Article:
The drugs were approved anyway, and Redux (dexfenfluramine)—together with another drug, Pondimin (fenfluramine), were widely prescribed and used in combination with the drug phentermine in a cocktail known popularly as Fen-Phen. They were eventually recalled in 1997 after a study undertaken by the Mayo Clinic famously revealed hazards that no one could further deny, and the drugs were taken off the market.
But not before upwards of six million consumers, desperate to control their weight, wolfed down the cocktail.
PPH, which more recently has been referred to as PAH (Pulmonary Arterial Hypertension), is a rare and unexplained lung disorder whereby the blood pressure levels in the pulmonary artery of the heart spikes dramatically without just cause. The American Heart Association notes that upwards of 1000 new cases of PPH / PAH are diagnosed every year, and while the disease can affect people of all ages, the predominant demographic is women between the ages of 20 and 40.
While treatment options are advancing, there is no known cure. Nor is there a known, definitive cause.
However there are links, and the now-banned Fen-Phen cocktail is one of them.
Early in 1996, the year Redux was approved by the US Food and Drug Administration (FDA), there were already well over 100 documented cases of PPH amongst diet drug users in Europe. Undaunted, American Health Products (AHP), now a subsidiary of Wyeth, aggressively lobbied to have Redux approved without being saddled with a black box warning which would, according to published reports, diminish sales by up to 50 per cent.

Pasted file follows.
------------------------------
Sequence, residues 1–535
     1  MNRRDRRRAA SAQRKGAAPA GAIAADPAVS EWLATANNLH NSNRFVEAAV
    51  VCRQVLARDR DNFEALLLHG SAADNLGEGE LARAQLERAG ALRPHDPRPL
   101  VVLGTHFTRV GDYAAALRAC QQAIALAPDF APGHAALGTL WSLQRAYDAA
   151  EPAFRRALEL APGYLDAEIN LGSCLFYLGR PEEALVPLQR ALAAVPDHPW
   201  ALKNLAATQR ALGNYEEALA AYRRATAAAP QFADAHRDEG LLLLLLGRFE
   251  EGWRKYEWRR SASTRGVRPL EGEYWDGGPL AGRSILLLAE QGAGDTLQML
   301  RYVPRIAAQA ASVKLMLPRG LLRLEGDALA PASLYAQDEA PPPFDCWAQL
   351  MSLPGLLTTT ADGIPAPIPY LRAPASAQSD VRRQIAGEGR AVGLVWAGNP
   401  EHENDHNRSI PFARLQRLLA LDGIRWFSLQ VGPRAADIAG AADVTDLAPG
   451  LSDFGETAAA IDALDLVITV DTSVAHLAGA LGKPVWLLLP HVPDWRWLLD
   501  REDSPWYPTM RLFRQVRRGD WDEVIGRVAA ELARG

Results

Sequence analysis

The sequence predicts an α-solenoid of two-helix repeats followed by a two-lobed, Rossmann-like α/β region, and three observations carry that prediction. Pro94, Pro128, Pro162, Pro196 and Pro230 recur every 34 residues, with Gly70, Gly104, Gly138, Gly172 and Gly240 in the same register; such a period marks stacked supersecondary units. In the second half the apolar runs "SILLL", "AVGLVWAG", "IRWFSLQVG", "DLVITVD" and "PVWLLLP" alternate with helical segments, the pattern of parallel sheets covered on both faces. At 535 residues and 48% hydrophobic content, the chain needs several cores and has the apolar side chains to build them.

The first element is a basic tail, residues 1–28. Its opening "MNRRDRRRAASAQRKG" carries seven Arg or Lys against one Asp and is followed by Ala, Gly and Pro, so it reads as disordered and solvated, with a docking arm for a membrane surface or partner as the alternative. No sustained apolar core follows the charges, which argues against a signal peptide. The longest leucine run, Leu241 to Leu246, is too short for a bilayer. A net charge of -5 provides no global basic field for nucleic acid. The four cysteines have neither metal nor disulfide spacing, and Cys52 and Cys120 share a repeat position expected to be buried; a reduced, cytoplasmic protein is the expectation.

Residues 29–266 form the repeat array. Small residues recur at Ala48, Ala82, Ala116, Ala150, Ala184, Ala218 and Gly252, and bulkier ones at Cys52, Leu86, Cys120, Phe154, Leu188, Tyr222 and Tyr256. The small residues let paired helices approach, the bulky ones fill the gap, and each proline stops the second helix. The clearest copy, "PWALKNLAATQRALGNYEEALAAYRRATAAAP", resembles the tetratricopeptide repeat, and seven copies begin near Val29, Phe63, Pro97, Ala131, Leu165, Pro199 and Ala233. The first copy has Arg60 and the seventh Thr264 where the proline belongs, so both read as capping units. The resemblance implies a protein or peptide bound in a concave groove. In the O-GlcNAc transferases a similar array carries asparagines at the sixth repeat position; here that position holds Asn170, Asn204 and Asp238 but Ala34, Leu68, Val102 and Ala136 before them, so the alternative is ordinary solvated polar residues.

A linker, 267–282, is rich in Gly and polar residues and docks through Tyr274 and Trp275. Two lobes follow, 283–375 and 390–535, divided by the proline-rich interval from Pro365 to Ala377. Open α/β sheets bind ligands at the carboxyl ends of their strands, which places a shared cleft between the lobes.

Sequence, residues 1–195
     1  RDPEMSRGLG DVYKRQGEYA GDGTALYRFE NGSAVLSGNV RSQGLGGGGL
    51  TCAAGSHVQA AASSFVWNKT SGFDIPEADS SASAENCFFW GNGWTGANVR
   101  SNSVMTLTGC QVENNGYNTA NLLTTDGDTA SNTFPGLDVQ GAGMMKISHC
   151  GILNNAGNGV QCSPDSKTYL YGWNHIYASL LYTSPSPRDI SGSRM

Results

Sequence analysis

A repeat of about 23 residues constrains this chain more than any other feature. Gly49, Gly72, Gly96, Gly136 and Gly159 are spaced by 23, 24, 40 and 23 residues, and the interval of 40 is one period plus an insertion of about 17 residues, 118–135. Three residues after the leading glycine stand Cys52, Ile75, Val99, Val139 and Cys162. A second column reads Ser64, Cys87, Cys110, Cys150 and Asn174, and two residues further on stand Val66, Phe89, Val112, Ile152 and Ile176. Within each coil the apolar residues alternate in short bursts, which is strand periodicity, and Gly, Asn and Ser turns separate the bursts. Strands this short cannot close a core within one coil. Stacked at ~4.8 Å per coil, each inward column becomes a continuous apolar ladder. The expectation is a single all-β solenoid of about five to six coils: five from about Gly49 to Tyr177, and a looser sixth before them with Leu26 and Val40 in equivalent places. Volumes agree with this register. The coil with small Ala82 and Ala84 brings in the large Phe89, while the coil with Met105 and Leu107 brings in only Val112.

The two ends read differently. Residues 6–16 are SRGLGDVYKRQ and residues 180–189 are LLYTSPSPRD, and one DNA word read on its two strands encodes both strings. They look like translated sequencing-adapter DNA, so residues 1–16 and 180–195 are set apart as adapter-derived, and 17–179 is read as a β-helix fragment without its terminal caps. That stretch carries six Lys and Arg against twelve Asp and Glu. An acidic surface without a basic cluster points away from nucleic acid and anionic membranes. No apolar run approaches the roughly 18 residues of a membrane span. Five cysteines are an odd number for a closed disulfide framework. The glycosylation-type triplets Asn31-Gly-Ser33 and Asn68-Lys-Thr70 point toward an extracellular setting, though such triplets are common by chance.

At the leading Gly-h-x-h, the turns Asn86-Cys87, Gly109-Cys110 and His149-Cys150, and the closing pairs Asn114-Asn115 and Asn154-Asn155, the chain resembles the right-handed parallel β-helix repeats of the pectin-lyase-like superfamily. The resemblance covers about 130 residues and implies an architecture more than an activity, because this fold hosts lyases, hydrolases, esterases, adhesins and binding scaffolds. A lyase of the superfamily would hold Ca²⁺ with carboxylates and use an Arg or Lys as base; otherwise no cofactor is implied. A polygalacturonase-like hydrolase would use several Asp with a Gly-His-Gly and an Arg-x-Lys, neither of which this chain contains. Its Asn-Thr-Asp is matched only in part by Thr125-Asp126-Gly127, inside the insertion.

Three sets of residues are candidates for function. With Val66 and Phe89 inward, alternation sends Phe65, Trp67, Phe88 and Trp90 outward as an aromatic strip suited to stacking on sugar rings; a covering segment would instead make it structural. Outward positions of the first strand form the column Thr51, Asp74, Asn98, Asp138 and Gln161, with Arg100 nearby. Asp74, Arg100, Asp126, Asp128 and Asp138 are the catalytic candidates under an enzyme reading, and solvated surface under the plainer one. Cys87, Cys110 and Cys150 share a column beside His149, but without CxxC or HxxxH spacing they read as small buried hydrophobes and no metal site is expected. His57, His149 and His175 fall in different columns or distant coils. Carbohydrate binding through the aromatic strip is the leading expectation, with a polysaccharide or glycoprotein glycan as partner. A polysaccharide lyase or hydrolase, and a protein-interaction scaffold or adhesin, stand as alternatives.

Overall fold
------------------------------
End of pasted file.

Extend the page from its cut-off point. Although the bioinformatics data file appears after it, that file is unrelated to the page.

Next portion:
Despite the concerns, Redux was approved by the FDA for use in the United States in April of 1996. By the time the year was out, 18 million prescriptions for Fen-Phen had been written in the US.
While it had been suspected for some time that Fen-Phen was linked to PPH, the train really began to go off the rails a year later when a study by the famed Mayo Clinic was published in the New England Journal of Medicine.
In the report, the Mayo Clinic revealed in July of 1997 that Fen-Phen was suspected of being a contributor to heart disease, as well as PPH. The study documented the cases of 24 women from the upper Midwest with no history of heart problems. The women had taken Fen-Phen anywhere from six, to 18 months and experienced deterioration to their heart vales.
Five of the 24 women required surgery for heart valve replacement. Surgeons noted the presence of a white coating on the defective heart valves.
Prior to the study, PPH was the only real concern. However, heart valve deterioration was an unexpected finding. As valves deteriorate there is often no exterior sign, and the problem can go undiagnosed for years. Left untreated, it can lead to congestive heart failure.
Even though the Mayo study was intended for publication in the August 28th, 1997 edition of the New England Journal of Medicine, the findings were released almost two months early out of concern for public health.
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Two months later, government health officials were advising Fen-Phen users to get tested for heart, or lung disease.
By then, a number of lawsuits had already been filed, and some have proven lucrative. In April 2004, the family of a woman who died of PPH was awarded a staggering $1 billion.
Fenfluramine is an appetite suppressant, while phentermine is a mild stimulant. In combination, they equate to a powerful diet drug.
It is worth noting that the onset of PPH and valvular heart disease can be delayed for upwards of 10 years. That is why individuals who may have been using Fen-Phen at the time it was withdrawn in 1997, are just now showing signs of the disease.